Saturday, February 9, 2019

With God as Our Father


The Bible repeatedly refers to God as father and his followers as his children. Dependent upon our relationships with our earthly parents, this can either be a calming thought or one that leads to tension. Some of us were taught that our heavenly father was mostly a judge who showed his disappointment and anger when we made mistakes. Most of the time when I think of the relationship between father and son, my mind goes to how I feel as an adult, but perhaps the better way to imagine the concept is between a wise father and a very young child. The Bible tells us that God is far superior to humans in reasoning and love (Isaiah 55:8 is only one place we find this truth) and we can readily see that as the creator of this vast universe in which we live, he is far beyond us. When we are mere babes-in-arms or toddlers, and our fathers are given the responsibility to care for our needs and train us up in the ways that we should go, perhaps that is when we are most like the relationship between God the father and we the children.

Pastor Steve McMillan at Bow Valley Christian Church recently used an illustration that points to the truth in this. When a child reaches that age where they begin to walk (usually within a few months of their first birthday) we see the pride of the father in the child. The child manages to get up and hold onto some piece of furniture and walks along it before coming to the end of safety. At some point, they must launch out on their own and so they stretch a leg and arm out and take those first halting steps. Soon the awkwardness of legs, body, and heavy head get in the way and the child thumps down on the forgiving cushion of a nicely padded bottom. At this point we don’t see the father berate the child for falling. We don’t hear him say, “What is wrong with you? You only took three steps!” No, instead the father is ecstatic. He cheers the babe on and says, “Wonderful, you did so well. You took three steps before falling." He pulls out his cell phone and tries to capture the next steps on video. He calls his wife into the room and says, “Honey, come in here quick, see what our daughter has just done!” He calls his parents on the phone and acts like his child is the most brilliant and coordinated child on the planet. He jumps around and hoots like a mad-man, all because this child took three steps and fell hard.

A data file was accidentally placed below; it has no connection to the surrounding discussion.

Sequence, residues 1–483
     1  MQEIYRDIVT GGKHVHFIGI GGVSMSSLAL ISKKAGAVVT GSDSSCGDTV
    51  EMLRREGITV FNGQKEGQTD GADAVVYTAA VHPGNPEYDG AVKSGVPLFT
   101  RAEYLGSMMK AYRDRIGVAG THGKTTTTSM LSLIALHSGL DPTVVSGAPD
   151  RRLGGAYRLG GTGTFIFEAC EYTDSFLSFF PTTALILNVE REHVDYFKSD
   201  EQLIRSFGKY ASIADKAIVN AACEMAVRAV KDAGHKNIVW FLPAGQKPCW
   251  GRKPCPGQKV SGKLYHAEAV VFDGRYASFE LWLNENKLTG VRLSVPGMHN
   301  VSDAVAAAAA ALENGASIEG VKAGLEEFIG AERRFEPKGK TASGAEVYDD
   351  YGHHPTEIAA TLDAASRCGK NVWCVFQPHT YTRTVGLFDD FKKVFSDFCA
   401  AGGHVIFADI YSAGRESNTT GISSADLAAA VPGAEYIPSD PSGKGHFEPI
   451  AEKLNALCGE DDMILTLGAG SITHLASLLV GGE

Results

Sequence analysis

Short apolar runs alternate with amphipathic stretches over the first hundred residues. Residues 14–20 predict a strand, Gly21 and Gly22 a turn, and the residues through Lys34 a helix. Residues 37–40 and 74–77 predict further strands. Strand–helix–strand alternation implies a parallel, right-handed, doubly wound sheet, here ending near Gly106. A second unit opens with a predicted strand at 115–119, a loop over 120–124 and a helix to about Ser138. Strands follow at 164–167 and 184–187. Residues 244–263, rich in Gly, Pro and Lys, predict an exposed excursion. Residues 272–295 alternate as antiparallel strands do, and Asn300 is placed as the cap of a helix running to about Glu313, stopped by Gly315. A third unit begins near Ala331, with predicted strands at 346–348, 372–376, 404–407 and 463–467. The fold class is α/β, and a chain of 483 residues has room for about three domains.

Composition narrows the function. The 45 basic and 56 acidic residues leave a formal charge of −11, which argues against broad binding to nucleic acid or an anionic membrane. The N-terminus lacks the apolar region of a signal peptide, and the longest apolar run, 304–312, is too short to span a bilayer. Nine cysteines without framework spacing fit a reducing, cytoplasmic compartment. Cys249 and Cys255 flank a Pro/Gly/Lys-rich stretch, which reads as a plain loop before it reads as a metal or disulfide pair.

So too, our heavenly father is more interested in the steps we take than in the many times we fall. Sure, he does not want to see us fall and get hurt; there is pain in his heart when he sees us scrape our knees and bruise our muscles. Yet, he is more interested in the fact that we actually walked for a while. He is there to encourage us to get up, wince at the pain, bandage the scrapes, and get moving again. Fathers do not worry about the falls. Certainly, if the child keeps falling for the next several years there may be something wrong and the father intervenes to find a way to help the son walk, but that is not the usual case. 

So, what of my life here on this earth? Am I focussed on how many times I fall or on how much progress I am making? I would do well to set myself some goals and aim toward them rather than focussing on the time I spend on the ground. My heavenly father is certainly looking at foot-steps and progress, otherwise he could not be my loving father at all.


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